Home Garden

My Husqvarna 48-Inch Mower Will Not Stay Running

A Husqvarna 48-inch lawnmower will not stay running if it loses spark, airflow, fuel or compression. These vital systems not only must be present, but need to be present at the right combinations at the right time. Find the missing element in the engine and you can determine why your Husqvarna lawnmower won't stay running.
  1. Fuel

    • Most running problems on a Husqvarna lawnmower occur when the fuel system gets blocked or hindered. Impurities in the fuel, old gas or bad gas will all slowly clog up the fuel system. Once the fuel is restricted too much, the engine will shut off. Common problems in the fuel system include a dirty fuel tank, dirty fuel cap, dirty fuel filter, clogged fuel line and a dirty carburetor. Never leave any fuel in the tank or system if you're storing the mower. Replace the fuel filter and fuel hose every season and clean the fuel system thoroughly.


    • When the fuel reaches the cylinder, the spark plug ignites it. The spark originates from the ignition module, housed next to the flywheel. As the flywheel revolves around the crankshaft, it builds magnetic energy, which trips the module, firing off the spark to the plug. A poorly functioning module, spark plug or plug wires will often cause a mower to stop running. Replace the spark plug at least once a season. Check all ignition wires to see if they're broken, cracked or frayed. Always remove the spark plug and ground the ignition wire before inspecting the ignition system.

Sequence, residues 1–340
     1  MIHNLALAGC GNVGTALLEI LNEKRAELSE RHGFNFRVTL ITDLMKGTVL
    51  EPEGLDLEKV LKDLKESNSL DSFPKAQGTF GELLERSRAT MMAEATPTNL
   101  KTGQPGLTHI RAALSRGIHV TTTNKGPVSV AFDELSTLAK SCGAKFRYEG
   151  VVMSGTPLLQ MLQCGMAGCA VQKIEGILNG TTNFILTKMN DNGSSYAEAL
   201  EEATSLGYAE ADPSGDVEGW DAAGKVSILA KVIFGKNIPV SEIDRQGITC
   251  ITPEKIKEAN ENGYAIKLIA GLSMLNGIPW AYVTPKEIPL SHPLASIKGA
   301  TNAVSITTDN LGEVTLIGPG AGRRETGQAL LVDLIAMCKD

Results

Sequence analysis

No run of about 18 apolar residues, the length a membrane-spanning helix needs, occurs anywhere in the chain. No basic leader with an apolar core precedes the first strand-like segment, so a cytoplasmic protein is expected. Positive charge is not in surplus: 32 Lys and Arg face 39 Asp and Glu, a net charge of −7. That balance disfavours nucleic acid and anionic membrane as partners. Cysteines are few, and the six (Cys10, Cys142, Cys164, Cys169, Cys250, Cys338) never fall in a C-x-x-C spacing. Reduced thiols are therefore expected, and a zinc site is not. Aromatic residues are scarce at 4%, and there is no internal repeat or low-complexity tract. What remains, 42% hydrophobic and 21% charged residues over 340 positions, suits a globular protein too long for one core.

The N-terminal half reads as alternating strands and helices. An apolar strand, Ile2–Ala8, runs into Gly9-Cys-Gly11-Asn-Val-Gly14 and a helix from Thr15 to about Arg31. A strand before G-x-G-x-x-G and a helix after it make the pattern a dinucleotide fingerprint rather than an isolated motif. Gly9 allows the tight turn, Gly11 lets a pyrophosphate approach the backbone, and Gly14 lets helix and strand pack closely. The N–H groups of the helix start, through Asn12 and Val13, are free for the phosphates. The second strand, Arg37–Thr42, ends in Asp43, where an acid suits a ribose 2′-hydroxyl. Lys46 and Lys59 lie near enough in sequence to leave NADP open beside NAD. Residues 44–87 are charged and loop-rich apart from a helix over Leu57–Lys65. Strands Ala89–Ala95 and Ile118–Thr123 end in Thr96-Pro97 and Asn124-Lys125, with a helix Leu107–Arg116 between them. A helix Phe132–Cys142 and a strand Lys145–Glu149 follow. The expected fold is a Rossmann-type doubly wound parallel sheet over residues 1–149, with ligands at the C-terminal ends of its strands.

• Clean, cool air needs to move into the system unrestricted, and the heated gases need to leave the system unhindered. Dirty air filters and mufflers often cause a loss in the airflow into and out of the engine. Pull the air filter out and clean it after every eight hours of operation. Wash the pad in soapy water and allow it to dry completely. Clean the muffler, spark arrestor screen and exhaust port after every 90 hours of operation. Use a wire brush to scrub off any built up carbon deposits.

    Loss of Compression

    • For the moving parts to continue moving, the engine needs vacuum pressure, often referred to as compression. If air is leaking into the system, the machine will often start up but die as it's accelerating. Air leaks often occur around old gaskets and seals around the crankcase and cylinder. Loss of compression will also translate into a loss of power to the moving parts, such as the crankshaft or piston. Compression problems can be difficult to diagnose and expensive to repair. Take the mower to a certified mechanic if you suspect compression problems.